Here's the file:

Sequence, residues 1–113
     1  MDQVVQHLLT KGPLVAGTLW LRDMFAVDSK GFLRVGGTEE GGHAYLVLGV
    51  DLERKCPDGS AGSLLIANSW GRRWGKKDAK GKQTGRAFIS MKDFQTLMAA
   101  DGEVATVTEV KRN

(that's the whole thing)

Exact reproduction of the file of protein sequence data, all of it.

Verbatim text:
Sequence, residues 1–113
     1  MDQVVQHLLT KGPLVAGTLW LRDMFAVDSK GFLRVGGTEE GGHAYLVLGV
    51  DLERKCPDGS AGSLLIANSW GRRWGKKDAK GKQTGRAFIS MKDFQTLMAA
   101  DGEVATVTEV KRN